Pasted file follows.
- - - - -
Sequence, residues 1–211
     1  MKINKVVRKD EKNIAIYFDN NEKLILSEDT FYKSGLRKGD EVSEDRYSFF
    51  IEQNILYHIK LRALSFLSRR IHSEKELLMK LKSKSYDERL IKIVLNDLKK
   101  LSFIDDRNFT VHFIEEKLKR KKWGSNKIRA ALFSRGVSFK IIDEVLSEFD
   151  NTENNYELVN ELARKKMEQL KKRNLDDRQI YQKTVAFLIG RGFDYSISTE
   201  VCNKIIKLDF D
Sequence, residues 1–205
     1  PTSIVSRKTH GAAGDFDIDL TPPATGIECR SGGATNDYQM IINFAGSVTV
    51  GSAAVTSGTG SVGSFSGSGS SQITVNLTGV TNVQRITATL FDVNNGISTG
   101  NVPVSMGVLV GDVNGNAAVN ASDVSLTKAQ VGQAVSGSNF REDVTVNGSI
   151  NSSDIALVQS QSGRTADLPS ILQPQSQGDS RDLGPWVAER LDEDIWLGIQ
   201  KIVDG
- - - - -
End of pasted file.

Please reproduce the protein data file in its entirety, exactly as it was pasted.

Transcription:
Sequence, residues 1–211
     1  MKINKVVRKD EKNIAIYFDN NEKLILSEDT FYKSGLRKGD EVSEDRYSFF
    51  IEQNILYHIK LRALSFLSRR IHSEKELLMK LKSKSYDERL IKIVLNDLKK
   101  LSFIDDRNFT VHFIEEKLKR KKWGSNKIRA ALFSRGVSFK IIDEVLSEFD
   151  NTENNYELVN ELARKKMEQL KKRNLDDRQI YQKTVAFLIG RGFDYSISTE
   201  VCNKIIKLDF D
Sequence, residues 1–205
     1  PTSIVSRKTH GAAGDFDIDL TPPATGIECR SGGATNDYQM IINFAGSVTV
    51  GSAAVTSGTG SVGSFSGSGS SQITVNLTGV TNVQRITATL FDVNNGISTG
   101  NVPVSMGVLV GDVNGNAAVN ASDVSLTKAQ VGQAVSGSNF REDVTVNGSI
   151  NSSDIALVQS QSGRTADLPS ILQPQSQGDS RDLGPWVAER LDEDIWLGIQ
   201  KIVDG